By Kelsey Ronan

Whether you're looking for the latest work by your favorite author or a place to meet with Flint's well-read and well-informed, Pages Bookstore offers a calm, quiet space in Downtown Flint. The Second Street shop is a great place to curl up on the sofa with something to read and sip a cup of coffee while the city buses sigh past and the bells of First Presbyterian chime away the hours.

Pages opened in December of 2004 when Tracy Atkinson, a community organizer and grant writer, decided to become a part of the revitalization of Downtown Flint. "From all those conversations taking place at the time about how to revitalize downtown, we came to the conclusion that it would take private people. I wanted to be a part of that rebirth and I had a dream of starting my own business, so I decided if I was going to do it, it was going to be downtown. All my disposable income was going towards books, so I figured I might as well open a book store." Atkinson calls Pages a "book boutique," and, like other shops downtown, she said, the shop offers "more than just shopping—you get a whole experience."

Pages provides a meeting place for readers, writers and thoughtful citizens. "Most people coming in have interests in Flint and in community and politics. Anyone stopping in, even the mailman and the guy delivering the newspaper, have opinions on Flint and what's going on in the community."

When she first opened the store, Atkinson said she stocked mostly bestsellers, but quickly learned her growing clientele were interested in other reading material, and most of those bestsellers went to the discount shelf. "It was old literature, classics, books in their fifth and sixth printing that people requested. History books, children's books and books on politics also sell well. I listen to my customers. I can't carry everything, but I do special orders."

Pages also specializes in books by Flint writers, offering the latest titles by academics as well as works by burgeoning writers."When I first opened the store, I heard people say all the time, 'I'm going to write a book!’ And I'd say, 'Great! Write it!'" Atkinson said. She soon found herself serving as a technical assistant to self-published writers, helping authors find their local audience. Pages frequently hosts readings and signings.

Connor Coyne brought his first novel, Hungry Rats, to Pages. "It’s the first independent bookstore of note that is a resource for authors and a place to cultivate community," he said. Hungry Rats is a noir mystery set in Flint, where Coyne grew up (he now lives in Chicago). He said he is grateful for a Flint audience to whom he does not have to explain his book. "There’s a vocabulary people from Flint can relate to," he said.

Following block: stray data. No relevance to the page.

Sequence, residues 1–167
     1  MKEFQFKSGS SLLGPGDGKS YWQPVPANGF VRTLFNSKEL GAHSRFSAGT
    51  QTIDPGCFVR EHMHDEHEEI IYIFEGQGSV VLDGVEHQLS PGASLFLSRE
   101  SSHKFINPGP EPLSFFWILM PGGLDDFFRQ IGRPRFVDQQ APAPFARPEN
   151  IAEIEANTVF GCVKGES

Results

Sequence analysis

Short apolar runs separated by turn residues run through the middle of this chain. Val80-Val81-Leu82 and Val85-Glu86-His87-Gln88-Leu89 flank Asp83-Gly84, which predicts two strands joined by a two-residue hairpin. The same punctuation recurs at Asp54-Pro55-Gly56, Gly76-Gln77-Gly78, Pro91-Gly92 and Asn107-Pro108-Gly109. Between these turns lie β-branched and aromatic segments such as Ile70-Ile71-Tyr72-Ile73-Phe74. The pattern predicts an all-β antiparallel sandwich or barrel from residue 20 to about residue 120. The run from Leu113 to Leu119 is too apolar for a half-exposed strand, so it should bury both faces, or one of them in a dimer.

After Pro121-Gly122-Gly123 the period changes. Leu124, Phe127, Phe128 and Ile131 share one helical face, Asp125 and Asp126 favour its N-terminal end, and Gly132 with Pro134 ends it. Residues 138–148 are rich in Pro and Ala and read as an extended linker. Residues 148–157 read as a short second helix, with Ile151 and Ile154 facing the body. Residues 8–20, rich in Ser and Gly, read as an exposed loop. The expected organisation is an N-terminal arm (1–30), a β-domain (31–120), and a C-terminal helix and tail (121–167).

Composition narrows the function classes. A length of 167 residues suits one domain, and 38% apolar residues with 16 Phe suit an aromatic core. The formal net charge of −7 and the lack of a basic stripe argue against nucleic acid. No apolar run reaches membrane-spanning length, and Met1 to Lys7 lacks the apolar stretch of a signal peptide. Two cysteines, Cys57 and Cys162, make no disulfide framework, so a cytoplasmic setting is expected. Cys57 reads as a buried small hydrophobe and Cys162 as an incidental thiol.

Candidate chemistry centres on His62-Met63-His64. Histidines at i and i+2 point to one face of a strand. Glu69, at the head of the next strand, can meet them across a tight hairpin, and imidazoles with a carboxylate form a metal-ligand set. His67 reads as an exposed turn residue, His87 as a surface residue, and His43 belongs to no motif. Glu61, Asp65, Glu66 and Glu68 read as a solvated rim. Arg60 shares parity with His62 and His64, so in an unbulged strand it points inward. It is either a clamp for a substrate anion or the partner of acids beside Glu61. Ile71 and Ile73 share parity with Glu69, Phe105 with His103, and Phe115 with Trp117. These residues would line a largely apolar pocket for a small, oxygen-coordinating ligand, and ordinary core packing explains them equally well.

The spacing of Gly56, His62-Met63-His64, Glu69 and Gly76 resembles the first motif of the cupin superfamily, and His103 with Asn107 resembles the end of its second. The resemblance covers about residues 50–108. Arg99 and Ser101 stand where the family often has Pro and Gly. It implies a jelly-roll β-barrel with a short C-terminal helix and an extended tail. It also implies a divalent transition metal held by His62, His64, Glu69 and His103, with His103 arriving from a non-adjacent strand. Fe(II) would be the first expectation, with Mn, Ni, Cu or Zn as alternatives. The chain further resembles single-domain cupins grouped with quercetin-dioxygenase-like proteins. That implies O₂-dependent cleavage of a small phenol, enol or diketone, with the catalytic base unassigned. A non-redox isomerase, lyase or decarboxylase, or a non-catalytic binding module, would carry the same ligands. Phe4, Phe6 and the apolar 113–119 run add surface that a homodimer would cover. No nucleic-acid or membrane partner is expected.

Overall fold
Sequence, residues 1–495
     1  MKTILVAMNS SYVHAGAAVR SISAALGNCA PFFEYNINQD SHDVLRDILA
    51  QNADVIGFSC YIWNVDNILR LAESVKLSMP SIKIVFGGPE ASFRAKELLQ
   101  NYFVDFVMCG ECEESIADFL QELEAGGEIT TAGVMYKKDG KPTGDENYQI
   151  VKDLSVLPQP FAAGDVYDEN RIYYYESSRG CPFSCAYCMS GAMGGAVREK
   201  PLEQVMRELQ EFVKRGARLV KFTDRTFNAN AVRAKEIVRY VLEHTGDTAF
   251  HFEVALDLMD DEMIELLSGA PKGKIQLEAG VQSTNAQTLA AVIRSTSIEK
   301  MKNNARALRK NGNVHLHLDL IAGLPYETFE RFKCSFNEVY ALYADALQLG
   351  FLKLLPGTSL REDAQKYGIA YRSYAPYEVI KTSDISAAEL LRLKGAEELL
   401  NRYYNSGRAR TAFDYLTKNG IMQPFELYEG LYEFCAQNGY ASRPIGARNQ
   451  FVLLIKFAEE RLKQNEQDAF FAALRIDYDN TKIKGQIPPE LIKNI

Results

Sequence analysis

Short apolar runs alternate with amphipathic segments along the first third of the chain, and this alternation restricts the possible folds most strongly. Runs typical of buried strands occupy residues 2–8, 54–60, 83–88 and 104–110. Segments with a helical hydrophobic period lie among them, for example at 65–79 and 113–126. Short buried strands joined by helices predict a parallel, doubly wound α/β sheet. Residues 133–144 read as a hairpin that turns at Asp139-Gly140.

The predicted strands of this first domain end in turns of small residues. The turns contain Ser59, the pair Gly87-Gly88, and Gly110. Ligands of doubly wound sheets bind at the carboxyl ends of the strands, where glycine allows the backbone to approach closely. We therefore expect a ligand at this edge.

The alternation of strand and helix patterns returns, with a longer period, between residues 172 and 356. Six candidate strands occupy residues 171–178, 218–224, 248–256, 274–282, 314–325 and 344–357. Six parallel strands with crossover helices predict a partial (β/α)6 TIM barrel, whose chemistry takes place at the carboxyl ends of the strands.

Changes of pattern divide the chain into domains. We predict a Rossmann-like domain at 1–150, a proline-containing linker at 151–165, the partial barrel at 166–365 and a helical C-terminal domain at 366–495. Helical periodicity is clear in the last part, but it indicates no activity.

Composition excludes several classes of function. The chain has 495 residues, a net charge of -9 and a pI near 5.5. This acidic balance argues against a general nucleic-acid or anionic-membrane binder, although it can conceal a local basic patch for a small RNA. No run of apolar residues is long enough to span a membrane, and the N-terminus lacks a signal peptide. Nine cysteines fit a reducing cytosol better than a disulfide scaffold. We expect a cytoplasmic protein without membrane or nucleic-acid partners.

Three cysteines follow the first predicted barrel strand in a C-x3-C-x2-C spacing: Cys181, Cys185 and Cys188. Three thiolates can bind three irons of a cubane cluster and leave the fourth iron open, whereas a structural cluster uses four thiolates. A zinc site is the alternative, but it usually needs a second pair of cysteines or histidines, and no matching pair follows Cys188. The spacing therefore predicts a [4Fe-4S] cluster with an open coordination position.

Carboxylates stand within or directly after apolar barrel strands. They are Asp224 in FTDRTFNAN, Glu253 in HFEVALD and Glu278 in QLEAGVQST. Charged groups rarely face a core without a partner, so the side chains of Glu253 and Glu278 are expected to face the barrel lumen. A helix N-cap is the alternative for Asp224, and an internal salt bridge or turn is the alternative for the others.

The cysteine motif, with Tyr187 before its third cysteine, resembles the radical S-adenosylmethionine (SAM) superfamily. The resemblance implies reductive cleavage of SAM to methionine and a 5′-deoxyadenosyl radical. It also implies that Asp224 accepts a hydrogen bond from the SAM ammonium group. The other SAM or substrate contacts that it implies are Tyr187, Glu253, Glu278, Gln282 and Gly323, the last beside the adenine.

People crave Flint writing, Atkinson said-—especially history. “Learning the city’s history is like learning your grandparents’ stories; people want it explained, want to know how it all happened and how we came to this place. And they want to know if everything is going to be all right,”

Atkinson isn't herself a writer. Her tastes in reading include social justice and biographical history. "When I opened the store, people came in wanting to talk to me about old literary authors. And I would say, 'I don't know these people. Ask me about Cornel West.'"

Pages is a regular stop on the Flint Art Walk, a free event sponsored by the Greater Flint Arts Council every second Friday. Roughly 300 people stop in Pages every art walk to peruse the shelves, check out the paintings and photographs on the walls, and listen to local musicians. "Some of these people shouldn't even sing in the shower," Atkinson said.

Those warblers fit with Pages aesthetic, however. All local art is valued and encouraged. The walls are a shifting display of work by local artists, and locally made crafts are frequently for sale. The store serves a variety of needs, not only for book clubs and writers groups, but for campaign fundraisers and a literacy program for adults, as well as public access tv.

Literacy, Atkinson said, is tremendously important to her. "It's not just about the ABCs but about interest in books. If there's something in a book you want to know, you'll find a way to get that information." Small classes are offered in privacy under the tutelage of volunteers from the Genesee County Literacy Coalition.

Pages currently hosts two book clubs. Kemet Egyptian history group has met for six years and takes yearly trips to Africa as well as cultural excursions to Detroit and televised book discussions. Take Time to Read is composed of GM Engineers who have made the commitment to read.

Pages Bookstore is located at 132 W. Second Street, Flint MI 48502 and is open Monday-Saturday.

© Kelsey Ronan, 2010